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It didn't do that by being Windows. It did that by being nearly ubiquitous so that software could be written to a known thing. That could have turned out to be OS/2, but Microsoft played unfairly there. It could have been one of the Unix platforms, but AT&T, Microsoft, and others played unfairly there.

It's really the IBM PC platform, IBM's willingness to sign a non-exclusive contract for the OS, and the success of the early clones (Compaq, AST, etc) making DOS so common that raised productivity so much. Whatever OS had shipped on them would have grabbed the market share DOS and Windows did.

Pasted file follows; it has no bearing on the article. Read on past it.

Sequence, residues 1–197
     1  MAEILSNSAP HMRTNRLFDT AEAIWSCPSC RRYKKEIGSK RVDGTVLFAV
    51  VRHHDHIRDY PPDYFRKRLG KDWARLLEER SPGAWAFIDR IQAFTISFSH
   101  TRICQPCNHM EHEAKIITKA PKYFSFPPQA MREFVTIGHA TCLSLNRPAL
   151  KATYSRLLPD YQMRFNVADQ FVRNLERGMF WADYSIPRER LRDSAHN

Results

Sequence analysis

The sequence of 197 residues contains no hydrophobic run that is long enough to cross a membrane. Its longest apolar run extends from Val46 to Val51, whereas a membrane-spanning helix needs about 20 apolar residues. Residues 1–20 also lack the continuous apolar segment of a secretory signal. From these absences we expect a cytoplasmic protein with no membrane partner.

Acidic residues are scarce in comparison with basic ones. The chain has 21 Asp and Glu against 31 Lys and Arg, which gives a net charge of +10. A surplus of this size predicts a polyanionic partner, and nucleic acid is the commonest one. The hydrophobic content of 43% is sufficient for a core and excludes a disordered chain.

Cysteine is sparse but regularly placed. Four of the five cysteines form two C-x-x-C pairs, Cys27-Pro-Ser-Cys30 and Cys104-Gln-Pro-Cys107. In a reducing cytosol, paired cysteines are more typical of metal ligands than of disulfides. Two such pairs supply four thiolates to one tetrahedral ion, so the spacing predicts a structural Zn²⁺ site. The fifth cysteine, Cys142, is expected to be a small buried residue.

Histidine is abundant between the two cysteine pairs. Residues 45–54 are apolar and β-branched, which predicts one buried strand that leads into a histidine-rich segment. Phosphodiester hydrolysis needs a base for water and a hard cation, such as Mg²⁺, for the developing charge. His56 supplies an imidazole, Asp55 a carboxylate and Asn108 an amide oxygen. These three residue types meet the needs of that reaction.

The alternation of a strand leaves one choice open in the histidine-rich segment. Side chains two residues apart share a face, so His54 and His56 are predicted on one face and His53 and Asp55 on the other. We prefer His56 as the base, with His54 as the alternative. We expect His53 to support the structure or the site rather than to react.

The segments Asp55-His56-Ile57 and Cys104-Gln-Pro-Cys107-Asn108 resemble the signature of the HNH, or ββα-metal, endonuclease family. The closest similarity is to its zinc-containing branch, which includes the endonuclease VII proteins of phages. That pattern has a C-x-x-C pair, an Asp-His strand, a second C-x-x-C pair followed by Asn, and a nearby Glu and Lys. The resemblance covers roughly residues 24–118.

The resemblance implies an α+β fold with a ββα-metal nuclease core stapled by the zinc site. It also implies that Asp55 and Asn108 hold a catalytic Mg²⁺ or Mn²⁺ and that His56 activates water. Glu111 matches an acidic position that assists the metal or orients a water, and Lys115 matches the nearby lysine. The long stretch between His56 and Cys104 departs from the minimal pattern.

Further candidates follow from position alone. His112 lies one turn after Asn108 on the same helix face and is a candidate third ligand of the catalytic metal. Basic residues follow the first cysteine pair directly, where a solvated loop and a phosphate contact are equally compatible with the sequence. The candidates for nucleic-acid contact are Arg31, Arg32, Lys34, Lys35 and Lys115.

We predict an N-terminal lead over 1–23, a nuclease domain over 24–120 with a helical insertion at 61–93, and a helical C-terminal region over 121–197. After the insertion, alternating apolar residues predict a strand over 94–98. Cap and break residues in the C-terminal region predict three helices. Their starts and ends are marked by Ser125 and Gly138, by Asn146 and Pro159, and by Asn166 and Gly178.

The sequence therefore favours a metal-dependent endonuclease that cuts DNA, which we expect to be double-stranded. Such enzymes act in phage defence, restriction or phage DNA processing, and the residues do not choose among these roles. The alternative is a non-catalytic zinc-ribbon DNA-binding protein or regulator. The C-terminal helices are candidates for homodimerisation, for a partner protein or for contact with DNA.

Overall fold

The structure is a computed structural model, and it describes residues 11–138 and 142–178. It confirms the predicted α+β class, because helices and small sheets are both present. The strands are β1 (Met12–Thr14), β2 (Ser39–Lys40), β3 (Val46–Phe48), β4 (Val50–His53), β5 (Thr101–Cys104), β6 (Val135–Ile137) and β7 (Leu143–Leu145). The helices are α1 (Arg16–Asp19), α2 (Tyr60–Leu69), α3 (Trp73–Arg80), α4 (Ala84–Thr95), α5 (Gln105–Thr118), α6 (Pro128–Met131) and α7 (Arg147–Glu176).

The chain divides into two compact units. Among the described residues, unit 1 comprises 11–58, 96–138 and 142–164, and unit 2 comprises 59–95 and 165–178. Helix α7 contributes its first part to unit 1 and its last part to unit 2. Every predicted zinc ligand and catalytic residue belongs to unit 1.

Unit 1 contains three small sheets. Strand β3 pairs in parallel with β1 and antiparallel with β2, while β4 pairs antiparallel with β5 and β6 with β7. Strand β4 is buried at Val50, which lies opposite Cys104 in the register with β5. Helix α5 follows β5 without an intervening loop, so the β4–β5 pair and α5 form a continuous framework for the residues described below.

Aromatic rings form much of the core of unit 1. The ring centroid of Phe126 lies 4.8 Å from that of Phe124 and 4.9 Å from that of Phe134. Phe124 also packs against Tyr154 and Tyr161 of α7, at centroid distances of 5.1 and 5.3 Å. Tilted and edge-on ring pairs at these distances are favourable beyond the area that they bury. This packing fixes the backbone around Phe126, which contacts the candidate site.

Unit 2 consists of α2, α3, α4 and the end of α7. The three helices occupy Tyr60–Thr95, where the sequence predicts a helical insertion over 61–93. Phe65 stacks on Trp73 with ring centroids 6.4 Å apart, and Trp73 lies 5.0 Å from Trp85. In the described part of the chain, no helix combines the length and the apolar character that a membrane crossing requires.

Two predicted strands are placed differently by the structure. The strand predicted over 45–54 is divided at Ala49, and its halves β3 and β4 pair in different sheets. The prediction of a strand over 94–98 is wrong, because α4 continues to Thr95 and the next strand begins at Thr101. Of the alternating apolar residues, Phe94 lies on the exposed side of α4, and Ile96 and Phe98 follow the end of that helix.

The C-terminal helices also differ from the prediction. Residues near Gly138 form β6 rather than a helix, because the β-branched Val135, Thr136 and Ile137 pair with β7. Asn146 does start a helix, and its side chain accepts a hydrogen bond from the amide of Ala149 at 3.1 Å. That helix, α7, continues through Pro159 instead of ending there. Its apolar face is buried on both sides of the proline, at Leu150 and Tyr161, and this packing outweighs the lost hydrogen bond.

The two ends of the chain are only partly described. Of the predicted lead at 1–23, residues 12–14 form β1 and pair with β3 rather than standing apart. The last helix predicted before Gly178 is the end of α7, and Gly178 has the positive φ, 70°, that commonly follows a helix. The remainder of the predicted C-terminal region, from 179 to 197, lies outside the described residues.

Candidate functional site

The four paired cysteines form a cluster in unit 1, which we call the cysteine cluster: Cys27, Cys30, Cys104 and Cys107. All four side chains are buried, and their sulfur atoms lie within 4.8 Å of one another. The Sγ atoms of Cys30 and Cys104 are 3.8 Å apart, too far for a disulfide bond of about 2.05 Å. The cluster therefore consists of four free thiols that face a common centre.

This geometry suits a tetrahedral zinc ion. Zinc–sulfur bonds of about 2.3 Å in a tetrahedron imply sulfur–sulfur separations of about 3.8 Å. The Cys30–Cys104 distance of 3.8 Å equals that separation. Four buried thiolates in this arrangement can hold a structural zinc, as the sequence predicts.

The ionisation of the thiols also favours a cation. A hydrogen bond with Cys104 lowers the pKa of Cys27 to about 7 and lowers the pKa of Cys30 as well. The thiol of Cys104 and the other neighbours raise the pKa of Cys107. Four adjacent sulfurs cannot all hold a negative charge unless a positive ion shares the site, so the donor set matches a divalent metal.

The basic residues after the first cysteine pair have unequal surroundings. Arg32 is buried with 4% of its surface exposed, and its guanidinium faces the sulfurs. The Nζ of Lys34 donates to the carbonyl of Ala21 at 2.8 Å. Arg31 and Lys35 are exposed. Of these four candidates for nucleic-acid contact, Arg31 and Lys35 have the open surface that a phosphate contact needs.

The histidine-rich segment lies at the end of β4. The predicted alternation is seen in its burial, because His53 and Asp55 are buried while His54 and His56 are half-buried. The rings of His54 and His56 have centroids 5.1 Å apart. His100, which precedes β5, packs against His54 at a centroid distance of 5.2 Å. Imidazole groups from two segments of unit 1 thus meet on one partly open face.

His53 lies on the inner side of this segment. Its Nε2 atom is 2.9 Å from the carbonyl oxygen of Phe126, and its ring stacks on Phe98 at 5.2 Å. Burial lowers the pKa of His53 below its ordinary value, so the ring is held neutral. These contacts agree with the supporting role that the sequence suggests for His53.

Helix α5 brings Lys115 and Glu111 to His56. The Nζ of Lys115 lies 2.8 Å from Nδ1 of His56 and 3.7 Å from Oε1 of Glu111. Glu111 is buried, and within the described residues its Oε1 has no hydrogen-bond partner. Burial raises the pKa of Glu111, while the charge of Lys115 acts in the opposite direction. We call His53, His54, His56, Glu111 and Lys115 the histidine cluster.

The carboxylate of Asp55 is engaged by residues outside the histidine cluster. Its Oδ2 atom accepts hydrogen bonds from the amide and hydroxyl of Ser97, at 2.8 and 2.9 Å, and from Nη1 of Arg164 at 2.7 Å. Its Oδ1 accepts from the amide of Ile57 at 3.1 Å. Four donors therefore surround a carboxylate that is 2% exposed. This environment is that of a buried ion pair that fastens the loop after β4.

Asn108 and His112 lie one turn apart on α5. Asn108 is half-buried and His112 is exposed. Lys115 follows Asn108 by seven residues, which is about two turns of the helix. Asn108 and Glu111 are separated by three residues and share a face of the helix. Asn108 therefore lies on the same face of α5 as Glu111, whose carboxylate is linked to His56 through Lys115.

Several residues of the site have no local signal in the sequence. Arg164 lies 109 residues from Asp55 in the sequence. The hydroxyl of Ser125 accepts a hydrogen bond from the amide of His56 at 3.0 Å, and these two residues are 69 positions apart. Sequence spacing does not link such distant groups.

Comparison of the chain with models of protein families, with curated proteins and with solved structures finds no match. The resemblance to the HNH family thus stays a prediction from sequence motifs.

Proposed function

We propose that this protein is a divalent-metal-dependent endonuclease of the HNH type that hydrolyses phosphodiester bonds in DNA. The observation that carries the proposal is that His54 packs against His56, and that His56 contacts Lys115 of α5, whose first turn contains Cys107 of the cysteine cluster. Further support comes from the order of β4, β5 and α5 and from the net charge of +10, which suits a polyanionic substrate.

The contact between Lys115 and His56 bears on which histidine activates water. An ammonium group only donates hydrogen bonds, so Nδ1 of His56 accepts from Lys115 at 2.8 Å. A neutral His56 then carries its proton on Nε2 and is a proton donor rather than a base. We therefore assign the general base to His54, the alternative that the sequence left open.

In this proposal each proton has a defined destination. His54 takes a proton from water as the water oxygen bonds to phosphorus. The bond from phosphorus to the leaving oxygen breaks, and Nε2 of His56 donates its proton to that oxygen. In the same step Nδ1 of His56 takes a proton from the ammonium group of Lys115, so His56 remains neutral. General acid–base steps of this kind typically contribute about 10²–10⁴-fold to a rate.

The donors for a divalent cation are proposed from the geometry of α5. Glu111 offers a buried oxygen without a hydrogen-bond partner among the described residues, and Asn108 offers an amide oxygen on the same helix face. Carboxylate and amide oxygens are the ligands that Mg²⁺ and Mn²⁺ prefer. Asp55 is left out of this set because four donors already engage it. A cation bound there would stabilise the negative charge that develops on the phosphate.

Windows was also much more usable than what was common before it, ubiquity aside. The Office productivity suite was also very good for the time, and represented a major advancement in the state of the art. It's easy to take what Microsoft provided the PC world for granted and assume another company would have provided it if it never existed, but I don't think it's fair.




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